Saturday, January 22, 2011

bogged down

Earlier this week I thought I was on the verge of a breakthrough, but instead I sank into the bog of mathematics, analytic issues, and philosophical delusions.

There is a tendency to think of the identification of an object, say a dog or better still, a specific dog, as coinciding in the brain with the firing of a specific neuron, or perhaps a set of neurons. That might in turn fire a pre-verbal response that one could be conscious of, then the actual verbal response, whether as a thought or as speach: "Hugo," my dog.

Some would make this a paradigm for invariance. Hugo can change in position, wear a sweater, age or even die, but the Hugo object is invariant.

But that, the noun, is the end result. It is not the system that creates invariance. Nor do I think that the system of building up small clues, as described by Jeff Hawkins and implemented to some extent by Numenta, is sufficient to explain intelligence, though it might serve for object identification.

I am even wondering about Hebbian learning, in which transitions in neural systems are achieved by changing weights of neural connections. It is simple to model, but if it isn't what is really going on in the brain (or is only part of what is really going on), assuming it is sufficient could be a block to forward progress.

Maybe I am way off track here. I just read again about how no one could explain all the spectral data accumulated in the 19th century. Then Bohr threw out two assumptions about electrodynamics and added a very simple assumption, that electrons near an atomic nucleus have a minimal energy orbit, and quantum physics finally was off to the races.

On the other hand, sometimes a slow steady program like Numenta's works better than waiting for a breakthrough. I'm giving my neurons the weekend off and going to the German film festival at the Point Arena Theater.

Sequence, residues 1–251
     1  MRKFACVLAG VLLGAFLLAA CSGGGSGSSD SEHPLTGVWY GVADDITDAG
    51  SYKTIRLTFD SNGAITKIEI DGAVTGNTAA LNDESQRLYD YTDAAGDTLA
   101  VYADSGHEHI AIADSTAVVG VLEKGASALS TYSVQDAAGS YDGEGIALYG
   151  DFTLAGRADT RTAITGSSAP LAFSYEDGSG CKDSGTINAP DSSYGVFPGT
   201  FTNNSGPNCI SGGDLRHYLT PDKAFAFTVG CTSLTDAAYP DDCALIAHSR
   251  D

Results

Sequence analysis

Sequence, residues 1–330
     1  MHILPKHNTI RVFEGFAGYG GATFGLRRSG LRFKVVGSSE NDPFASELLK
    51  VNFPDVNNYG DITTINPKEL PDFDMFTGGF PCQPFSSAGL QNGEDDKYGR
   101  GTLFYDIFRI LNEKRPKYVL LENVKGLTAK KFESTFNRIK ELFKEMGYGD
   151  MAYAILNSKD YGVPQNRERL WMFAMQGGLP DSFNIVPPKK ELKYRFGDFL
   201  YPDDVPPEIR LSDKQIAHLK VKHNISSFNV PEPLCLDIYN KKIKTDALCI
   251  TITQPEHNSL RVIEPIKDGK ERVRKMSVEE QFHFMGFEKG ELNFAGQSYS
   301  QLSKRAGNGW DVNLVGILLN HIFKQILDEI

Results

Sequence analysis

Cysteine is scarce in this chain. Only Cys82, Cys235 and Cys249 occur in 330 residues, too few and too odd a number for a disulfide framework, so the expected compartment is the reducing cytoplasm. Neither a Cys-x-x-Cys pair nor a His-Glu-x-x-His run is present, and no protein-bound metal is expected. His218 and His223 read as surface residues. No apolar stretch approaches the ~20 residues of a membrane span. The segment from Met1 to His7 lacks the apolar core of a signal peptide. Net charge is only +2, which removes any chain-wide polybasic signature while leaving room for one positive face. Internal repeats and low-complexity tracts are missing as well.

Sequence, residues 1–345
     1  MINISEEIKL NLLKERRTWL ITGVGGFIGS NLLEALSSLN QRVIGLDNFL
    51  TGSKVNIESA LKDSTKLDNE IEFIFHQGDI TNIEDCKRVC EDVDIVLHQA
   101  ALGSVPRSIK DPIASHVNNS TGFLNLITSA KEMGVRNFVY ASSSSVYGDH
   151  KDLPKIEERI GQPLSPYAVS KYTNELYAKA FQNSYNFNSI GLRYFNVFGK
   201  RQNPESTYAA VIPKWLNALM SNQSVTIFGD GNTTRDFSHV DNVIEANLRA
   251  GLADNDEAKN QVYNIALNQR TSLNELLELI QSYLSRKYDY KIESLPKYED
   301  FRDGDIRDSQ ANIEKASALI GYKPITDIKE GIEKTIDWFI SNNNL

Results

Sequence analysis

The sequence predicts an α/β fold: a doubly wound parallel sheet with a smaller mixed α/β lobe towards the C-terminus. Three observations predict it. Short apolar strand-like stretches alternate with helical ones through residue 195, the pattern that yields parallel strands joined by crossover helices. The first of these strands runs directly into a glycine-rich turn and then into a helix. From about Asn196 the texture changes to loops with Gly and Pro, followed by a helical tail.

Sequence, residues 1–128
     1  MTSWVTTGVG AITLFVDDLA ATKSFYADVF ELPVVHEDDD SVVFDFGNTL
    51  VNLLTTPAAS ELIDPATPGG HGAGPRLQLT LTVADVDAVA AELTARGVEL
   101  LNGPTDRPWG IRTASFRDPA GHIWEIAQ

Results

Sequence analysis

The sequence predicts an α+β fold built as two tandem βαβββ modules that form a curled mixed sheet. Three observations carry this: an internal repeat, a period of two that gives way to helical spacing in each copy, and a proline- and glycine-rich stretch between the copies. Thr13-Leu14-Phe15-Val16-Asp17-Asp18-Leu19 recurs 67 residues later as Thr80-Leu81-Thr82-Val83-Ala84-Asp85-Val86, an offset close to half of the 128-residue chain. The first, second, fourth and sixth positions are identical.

Thursday, January 13, 2011

Pointing Choices

Quote of the day:

"This convention is at variance with that used in many expert systems (e.g. MYCIN), where rules point from evidence to hypothesis (e.g., if symptom, then disease), thus denoting a flow of mental inference. By contrast, the arrows in Bayesian networks point from causes to effects, or from conditions to consequences, thus denoting a flow of constraints attributed to the physical world."

Judea Pearl, Probabilistic Reasoning in Intelligent Systems, p. 151

Wednesday, January 12, 2011

Eyes Follow Brain Shifting of Attention

In case you missed it:

Human Brain Predicts Visual Attention Before Eyes Even Move

This is a confirmation that one of the principle jobs of the brain is to make predictions, then use the senses to confirm or deny the predictions.

Monday, January 3, 2011

Tensor Introduction

Largely as a prelude to my own work, I posted an introduction to tensors at OpenIcon. It may improve as time passes.